5. Forge dosent seem to be getting enough air

    There is a lot of room for improvement, as said above. However, the easiest single thing to do to improve the burners you have is probably to fit smaller gas jets. You clearly feel there is not enough air for the gas. Turning that around, there is too much gas for the air supply. Fitting a smaller jet will reduce the gas supply relative to the air supply and will increase the flame temperature. I would probably aim for a jet diameter around 80% to 85% of that which you are currently running (64% to 72% of the current area), fit the new jets, see what happens and decide where to go from there.
  6. Help! Kaowool Info

    I get the impression from the spec sheets that something quite unusual is going on with ceramic fibre blanket. For some reason, the higher-density varieties seem to have reduced thermal conductivity (i.e. they are better insulators). http://www.unifrax.eu.com/web/Audit.nsf/ByUNID/D0B83D7C069DC6DB85258220006F5398/$File/Fiberfrax Durablanket S EN.pdf This is exactly opposite to the vast majority of insulating materials. I am pretty sure that compressing the blanket will not significantly reduce its insulating ability on a per-inch-installed basis and will most probably increase it.
  7. Reil Burner Problems!

    Copesy, making forge burners can be very rewarding, but it can also be an exercise in frustration. It will not be helped at all by the fact that most of the well-documented designs are based on US pipe fittings and parts. There are some substitutions that can be made without effectively altering the design, but there's something of a Catch-22, in that you won't be able to identify which changes are significant and which are not unless you understand burners well. If you understood burners well, you would not need to build someone else's design. A 0.6mm mig tip is intended for 0.6mm diameter wire. The need for clearance to allow the wire to feed during welding means that the hole is usually about .007" bigger than the nominal wire diameter. In this case, nominal diameter is around .024" and the hole diameter will be around .031", equivalent to a number 68 drill. The biggest factor in burner performance is the Air:Fuel ratio. Using a bigger gas jet than the design calls for will (usually) cause a richer-than-optimum mixture and a reduced flame temperature. In the UK, arguably the best approach is to buy an "Amal atmospheric injector" (now made by "Burlen Fuel Systems") in the correct size for your application. For reasons I will not bore you with, the injectors jetted for Butane tend to work very well in forges: better than those jetted for Propane. Usual disclaimer: I have no affiliation with either Amal or Burlen other than as a very satisfied customer.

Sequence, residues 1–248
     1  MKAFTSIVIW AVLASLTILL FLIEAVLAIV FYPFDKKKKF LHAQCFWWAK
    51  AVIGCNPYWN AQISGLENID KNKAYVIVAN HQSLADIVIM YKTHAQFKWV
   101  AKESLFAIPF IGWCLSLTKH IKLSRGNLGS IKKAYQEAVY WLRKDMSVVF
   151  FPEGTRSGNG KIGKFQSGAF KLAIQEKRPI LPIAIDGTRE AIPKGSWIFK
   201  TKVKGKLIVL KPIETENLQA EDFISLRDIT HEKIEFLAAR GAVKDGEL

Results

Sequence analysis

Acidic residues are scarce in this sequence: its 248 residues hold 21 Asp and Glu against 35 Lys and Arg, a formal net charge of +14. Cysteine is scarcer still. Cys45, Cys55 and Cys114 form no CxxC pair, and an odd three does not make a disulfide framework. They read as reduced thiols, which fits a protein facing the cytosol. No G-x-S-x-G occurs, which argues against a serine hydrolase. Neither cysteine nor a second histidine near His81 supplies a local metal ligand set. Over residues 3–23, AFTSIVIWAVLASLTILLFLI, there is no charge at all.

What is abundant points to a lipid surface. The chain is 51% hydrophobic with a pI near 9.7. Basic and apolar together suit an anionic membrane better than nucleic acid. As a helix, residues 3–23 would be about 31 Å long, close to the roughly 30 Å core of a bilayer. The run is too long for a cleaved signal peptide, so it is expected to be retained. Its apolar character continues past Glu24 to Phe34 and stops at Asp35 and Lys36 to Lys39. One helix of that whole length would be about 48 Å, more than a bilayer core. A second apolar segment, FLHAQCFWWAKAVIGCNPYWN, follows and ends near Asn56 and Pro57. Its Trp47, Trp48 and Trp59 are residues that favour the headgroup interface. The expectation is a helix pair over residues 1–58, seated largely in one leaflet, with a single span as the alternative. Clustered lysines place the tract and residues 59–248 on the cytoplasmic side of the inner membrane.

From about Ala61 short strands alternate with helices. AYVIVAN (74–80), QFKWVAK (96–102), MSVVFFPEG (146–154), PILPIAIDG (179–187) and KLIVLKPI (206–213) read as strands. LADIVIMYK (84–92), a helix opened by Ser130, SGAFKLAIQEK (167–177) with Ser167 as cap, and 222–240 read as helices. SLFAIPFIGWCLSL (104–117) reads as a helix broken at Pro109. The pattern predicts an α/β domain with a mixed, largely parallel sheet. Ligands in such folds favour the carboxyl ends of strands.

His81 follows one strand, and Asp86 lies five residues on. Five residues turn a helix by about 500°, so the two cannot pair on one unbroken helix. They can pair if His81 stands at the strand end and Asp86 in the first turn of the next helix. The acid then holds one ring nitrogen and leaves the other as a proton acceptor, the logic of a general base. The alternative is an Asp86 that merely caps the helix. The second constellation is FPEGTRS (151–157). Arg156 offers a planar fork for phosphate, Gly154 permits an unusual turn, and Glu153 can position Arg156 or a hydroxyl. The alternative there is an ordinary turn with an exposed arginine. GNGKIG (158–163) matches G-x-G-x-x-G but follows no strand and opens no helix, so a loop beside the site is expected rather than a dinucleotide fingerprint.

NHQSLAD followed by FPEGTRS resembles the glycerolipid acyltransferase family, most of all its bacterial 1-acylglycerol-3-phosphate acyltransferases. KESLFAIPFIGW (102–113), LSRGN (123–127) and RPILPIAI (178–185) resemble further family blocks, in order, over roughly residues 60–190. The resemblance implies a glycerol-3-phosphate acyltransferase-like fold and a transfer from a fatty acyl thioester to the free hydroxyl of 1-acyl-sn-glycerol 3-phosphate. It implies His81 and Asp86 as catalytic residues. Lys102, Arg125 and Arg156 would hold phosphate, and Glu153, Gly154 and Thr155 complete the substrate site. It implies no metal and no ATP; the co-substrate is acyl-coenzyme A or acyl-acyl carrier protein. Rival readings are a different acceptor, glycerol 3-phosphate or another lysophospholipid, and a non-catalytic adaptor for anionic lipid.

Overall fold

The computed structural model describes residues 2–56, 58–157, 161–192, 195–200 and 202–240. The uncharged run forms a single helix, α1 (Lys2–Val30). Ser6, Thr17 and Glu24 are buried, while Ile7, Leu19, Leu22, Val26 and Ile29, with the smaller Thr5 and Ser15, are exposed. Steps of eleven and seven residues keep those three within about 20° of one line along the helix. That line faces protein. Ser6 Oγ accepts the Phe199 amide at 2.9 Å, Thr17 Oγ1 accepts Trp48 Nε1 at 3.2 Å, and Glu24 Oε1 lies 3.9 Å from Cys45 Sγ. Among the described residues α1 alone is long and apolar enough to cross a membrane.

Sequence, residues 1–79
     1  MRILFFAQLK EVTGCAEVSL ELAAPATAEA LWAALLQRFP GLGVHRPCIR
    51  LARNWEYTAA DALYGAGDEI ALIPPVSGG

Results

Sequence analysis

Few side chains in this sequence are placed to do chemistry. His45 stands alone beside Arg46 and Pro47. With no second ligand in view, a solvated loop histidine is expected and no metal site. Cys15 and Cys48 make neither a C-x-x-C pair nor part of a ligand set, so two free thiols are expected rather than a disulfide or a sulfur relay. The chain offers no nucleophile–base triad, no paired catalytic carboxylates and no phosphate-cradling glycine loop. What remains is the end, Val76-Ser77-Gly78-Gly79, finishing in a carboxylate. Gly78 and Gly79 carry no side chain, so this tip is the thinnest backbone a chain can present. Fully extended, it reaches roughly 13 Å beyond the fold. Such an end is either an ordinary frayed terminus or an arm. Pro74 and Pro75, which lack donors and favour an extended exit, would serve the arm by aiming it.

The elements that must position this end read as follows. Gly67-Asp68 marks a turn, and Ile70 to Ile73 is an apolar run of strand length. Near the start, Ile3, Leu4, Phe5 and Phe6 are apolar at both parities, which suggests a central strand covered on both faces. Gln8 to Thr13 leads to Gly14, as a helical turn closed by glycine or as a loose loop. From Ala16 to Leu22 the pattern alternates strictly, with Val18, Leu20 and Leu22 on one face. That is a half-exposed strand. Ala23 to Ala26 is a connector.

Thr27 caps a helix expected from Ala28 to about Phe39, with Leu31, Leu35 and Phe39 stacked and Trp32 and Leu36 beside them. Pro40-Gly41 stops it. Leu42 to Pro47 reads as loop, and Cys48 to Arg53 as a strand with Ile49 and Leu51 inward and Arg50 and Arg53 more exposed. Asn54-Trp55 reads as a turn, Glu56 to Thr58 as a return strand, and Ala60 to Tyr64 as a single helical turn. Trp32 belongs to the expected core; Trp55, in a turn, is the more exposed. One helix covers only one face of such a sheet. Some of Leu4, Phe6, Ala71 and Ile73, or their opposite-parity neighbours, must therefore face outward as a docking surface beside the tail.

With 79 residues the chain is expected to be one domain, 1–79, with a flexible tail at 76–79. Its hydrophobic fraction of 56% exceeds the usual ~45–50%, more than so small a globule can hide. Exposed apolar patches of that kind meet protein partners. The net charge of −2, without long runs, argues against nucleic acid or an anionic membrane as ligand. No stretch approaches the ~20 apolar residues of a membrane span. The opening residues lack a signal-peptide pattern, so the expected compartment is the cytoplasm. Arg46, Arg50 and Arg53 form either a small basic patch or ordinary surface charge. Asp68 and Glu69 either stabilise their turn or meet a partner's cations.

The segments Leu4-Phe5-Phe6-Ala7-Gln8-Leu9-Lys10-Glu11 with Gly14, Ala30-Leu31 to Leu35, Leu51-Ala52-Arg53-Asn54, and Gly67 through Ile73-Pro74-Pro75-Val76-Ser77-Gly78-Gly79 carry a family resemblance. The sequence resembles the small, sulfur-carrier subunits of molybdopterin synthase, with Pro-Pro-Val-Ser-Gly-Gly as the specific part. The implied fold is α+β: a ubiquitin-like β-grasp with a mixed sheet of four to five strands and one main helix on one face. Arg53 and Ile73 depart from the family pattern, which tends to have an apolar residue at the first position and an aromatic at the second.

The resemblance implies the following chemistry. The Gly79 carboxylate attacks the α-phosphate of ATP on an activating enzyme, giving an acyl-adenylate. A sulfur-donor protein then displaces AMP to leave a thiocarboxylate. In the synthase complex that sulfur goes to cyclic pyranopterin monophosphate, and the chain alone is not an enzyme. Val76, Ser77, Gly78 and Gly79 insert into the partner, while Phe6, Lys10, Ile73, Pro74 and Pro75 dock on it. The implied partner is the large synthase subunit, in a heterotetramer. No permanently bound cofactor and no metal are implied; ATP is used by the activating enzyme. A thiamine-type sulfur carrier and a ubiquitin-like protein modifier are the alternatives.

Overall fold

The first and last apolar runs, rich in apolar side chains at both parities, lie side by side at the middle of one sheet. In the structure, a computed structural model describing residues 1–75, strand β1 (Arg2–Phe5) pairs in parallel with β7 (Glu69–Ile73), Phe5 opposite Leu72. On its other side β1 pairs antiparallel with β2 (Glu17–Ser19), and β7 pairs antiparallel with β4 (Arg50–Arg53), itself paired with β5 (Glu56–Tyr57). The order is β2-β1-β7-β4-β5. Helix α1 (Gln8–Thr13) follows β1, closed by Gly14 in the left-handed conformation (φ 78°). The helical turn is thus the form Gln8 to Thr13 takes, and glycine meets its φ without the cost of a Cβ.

8. Reil Burner Problems!

    1/ Yes. 2/ Yes, but only because you are using Butane (I assume that's 0 degC, 32 degF?) 3/ Probably: it certainly won't help. 4/ Probably: it certainly won't help. Best to wait until you have the correct reducer though. The "this" link in your post seems to return to this thread. Butane regulators are, to the best of my knowledge, 28 mbar fixed-pressure in the UK. Clip-on, rather than screw-in. You NEED a Propane cylinder with a screw-in connection (there are also clip-on cylinders like the Butane ones. Again, these use a fixed-low-pressure regulator, 37 mbar for Propane, and are no use to us) and an adjustable regulator to suit. 0-2 bar is good. 0-4 bar is overkill, but works and may be easier to find. Do not buy a 0.5-4 bar regulator: the lack of control at the bottom end makes it truly horrible to use once lit and unnecessarily exciting to light. Make sure it goes down to zero. You need to build EXACTLY to a "known good" burner design. The majority of the documented designs are for US fittings, making sourcing them in the UK a minor nightmare. ANY deviation from the documented design, however trivial, means that you have redesigned the burner and that you will need to make your new design work: not a problem if you understand burners, but the learning curve is steep and tends to be expensive in either time, money or both. The best advice I can give is to google, and buy, a Long-Venturi "Amal atmospheric injector" (usual disclaimer: I have no affiliation to them other than as a satisfied customer). The range jetted for Butane actually seems to give the best results when running on Propane in forges (without a secondary air supply).
  9. pyrometer